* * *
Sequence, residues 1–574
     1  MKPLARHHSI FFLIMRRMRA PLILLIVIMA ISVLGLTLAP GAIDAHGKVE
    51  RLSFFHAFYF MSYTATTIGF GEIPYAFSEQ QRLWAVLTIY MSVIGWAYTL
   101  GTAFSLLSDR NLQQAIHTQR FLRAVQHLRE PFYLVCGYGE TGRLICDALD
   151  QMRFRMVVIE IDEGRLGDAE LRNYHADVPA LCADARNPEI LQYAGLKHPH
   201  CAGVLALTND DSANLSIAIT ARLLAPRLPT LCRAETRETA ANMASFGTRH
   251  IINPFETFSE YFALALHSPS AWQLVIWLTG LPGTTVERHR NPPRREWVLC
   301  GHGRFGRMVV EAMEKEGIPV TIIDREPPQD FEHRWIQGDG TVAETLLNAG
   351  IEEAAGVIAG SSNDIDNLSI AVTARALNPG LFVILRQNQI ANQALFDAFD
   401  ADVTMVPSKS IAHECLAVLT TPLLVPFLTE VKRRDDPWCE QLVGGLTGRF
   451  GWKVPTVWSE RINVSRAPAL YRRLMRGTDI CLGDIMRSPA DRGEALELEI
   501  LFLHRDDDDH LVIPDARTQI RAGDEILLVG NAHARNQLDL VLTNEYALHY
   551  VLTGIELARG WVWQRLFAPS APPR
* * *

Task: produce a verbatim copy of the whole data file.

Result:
Sequence, residues 1–574
     1  MKPLARHHSI FFLIMRRMRA PLILLIVIMA ISVLGLTLAP GAIDAHGKVE
    51  RLSFFHAFYF MSYTATTIGF GEIPYAFSEQ QRLWAVLTIY MSVIGWAYTL
   101  GTAFSLLSDR NLQQAIHTQR FLRAVQHLRE PFYLVCGYGE TGRLICDALD
   151  QMRFRMVVIE IDEGRLGDAE LRNYHADVPA LCADARNPEI LQYAGLKHPH
   201  CAGVLALTND DSANLSIAIT ARLLAPRLPT LCRAETRETA ANMASFGTRH
   251  IINPFETFSE YFALALHSPS AWQLVIWLTG LPGTTVERHR NPPRREWVLC
   301  GHGRFGRMVV EAMEKEGIPV TIIDREPPQD FEHRWIQGDG TVAETLLNAG
   351  IEEAAGVIAG SSNDIDNLSI AVTARALNPG LFVILRQNQI ANQALFDAFD
   401  ADVTMVPSKS IAHECLAVLT TPLLVPFLTE VKRRDDPWCE QLVGGLTGRF
   451  GWKVPTVWSE RINVSRAPAL YRRLMRGTDI CLGDIMRSPA DRGEALELEI
   501  LFLHRDDDDH LVIPDARTQI RAGDEILLVG NAHARNQLDL VLTNEYALHY
   551  VLTGIELARG WVWQRLFAPS APPR